The flag at the Wisconsin Capitol – as well as flags across the rest of the state – will be lowered to remember the people killed in the tragedy at Waukesha’s Christmas Parade.

Gov. Tony Evers issued an order to lower the flags after five people were killed and dozens more were hurt Sunday afternoon. The official count is 40-plus injured, including 12 children.

The governor on Sunday said his thoughts and prayers are with everyone impacted.

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Wisconsin Republicans Slam Madison Surprise Vaccine Mandate for Poll Workers

The City of Madison on Wednesday announced that all individuals who serve as poll workers will be mandated to receive the coronavirus vaccine.

Earlier this year, city officials detailed the vaccine requirement or testing for all city employees. A recent memo certified that the requirements would be extended to poll workers.

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Parents of Man Shot and Killed by Rittenhouse Vow to Continue Legal Fight

The parents of one of the two men shot and killed by Kyle Rittenhouse during three nights of rioting in Kenosha, Wisconsin, last year vowed to continue their fight for justice for their slain son.

A jury found Rittenhouse not guilty Friday of all five charges in the case including first degree intentional homicide in the death of Anthony Huber.

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Michigan Department of Health Advises Mask Mandate for All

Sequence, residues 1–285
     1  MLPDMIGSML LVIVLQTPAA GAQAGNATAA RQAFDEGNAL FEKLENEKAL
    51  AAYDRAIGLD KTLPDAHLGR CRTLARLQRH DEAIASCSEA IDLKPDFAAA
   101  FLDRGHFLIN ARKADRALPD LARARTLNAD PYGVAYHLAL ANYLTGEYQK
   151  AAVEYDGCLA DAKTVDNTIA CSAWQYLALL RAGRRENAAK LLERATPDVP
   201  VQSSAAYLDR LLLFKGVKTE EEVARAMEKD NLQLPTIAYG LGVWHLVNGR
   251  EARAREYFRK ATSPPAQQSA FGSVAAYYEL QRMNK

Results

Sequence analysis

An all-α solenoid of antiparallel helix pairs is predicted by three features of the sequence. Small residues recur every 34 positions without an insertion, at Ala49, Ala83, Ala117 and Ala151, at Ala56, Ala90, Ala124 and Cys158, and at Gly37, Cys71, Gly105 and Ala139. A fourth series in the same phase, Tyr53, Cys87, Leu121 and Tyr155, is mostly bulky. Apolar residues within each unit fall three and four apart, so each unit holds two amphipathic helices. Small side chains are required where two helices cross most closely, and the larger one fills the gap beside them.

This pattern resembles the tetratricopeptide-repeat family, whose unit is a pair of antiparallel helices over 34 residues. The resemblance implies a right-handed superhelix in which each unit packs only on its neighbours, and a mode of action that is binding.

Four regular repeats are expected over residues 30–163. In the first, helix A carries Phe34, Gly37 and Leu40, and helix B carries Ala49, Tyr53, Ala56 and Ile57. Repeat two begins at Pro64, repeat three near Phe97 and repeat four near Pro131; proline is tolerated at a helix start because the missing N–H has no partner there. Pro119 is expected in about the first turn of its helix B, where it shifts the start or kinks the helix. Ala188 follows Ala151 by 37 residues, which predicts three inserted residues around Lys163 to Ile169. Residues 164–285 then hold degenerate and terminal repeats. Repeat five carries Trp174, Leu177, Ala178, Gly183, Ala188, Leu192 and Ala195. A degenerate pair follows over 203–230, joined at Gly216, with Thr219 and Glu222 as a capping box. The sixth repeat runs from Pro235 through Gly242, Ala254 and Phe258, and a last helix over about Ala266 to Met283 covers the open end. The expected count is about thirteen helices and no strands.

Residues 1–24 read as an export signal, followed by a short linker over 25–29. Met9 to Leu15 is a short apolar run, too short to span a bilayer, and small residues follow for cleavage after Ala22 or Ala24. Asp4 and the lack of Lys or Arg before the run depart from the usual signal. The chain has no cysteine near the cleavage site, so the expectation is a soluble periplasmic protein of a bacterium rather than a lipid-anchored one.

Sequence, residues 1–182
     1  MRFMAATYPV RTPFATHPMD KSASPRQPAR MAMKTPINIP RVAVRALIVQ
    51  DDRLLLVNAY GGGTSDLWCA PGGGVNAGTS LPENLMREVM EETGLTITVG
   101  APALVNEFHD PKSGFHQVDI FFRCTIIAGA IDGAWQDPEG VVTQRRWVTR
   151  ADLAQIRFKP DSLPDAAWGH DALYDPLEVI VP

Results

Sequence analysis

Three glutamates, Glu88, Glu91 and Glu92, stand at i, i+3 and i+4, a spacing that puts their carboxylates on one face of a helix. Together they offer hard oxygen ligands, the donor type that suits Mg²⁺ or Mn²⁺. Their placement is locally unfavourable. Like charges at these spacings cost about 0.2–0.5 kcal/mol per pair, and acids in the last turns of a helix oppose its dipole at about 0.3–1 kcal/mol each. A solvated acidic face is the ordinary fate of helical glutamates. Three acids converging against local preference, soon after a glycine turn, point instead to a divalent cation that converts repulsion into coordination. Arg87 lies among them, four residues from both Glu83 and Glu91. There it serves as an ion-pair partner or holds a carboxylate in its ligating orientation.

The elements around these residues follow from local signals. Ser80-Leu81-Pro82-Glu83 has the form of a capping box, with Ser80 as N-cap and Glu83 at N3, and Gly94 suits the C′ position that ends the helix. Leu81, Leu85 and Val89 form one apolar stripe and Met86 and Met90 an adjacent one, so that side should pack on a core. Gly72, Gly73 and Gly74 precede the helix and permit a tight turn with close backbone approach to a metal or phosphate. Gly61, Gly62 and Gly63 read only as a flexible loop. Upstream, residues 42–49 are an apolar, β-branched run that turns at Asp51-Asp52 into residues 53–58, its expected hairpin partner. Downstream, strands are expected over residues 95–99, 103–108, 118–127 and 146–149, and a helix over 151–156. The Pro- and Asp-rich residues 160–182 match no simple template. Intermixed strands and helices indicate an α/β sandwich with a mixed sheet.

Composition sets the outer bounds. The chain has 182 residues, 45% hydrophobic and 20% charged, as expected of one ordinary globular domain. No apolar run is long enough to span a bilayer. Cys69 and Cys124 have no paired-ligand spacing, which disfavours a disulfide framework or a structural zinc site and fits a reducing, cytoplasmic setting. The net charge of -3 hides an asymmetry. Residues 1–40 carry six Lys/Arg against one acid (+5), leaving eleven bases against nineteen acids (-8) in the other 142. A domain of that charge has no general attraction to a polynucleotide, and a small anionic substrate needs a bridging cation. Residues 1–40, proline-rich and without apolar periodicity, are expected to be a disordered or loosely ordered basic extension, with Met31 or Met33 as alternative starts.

The Michigan Department of Health and Human Services (MDHHS) will be issuing a face mask advisory effective until further notice. The agency is also offering guidance for the holidays, citing an increase in COVID-19 and flu cases.

MDHHS will issue a Public Health Advisory that recommends everyone over the age of two should wear a face mask at indoor gatherings regardless of vaccination status. The agency recommends establishments implement a mask policy.

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Wisconsin Gov. Evers Vetoes Republican-Drawn Redistricting Maps

The fight over Wisconsin’s next political map took its next step toward a courtroom Thursday.

Gov. Tony Evers vetoed the new maps drawn by Republican lawmakers.

“What’s sitting in front of me here are gerrymandered maps modeled after the same gerrymandered maps we’ve had for a decade,” Evers said in a video message. “They were sent to my desk over the objections of a decade’s worth of people in this state demanding better, demanding more, and demanding a fair, nonpartisan process for preparing our maps for the next 10 years.”

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Michigan Spending $2.5 Million of Taxpayer Money on Private Businesses, Government Groups

Gov. Gretchen Whitmer and the Michigan Department of Labor and Economic Opportunity (LEO) awarded $2.5 million in Michigan Industry Cluster Approach 3.0 (MICA 3.0) grants to business groups statewide to address labor shortages.

“These grants are putting Michiganders first by helping innovative employers in high-demand industries address talent shortages across Michigan,” Whitmer said in a statement. “Together, we can continue leading the future of agriculture, construction, IT, manufacturing, mobility, and so much more as we usher in a new era of prosperity for our families, communities, and small businesses.”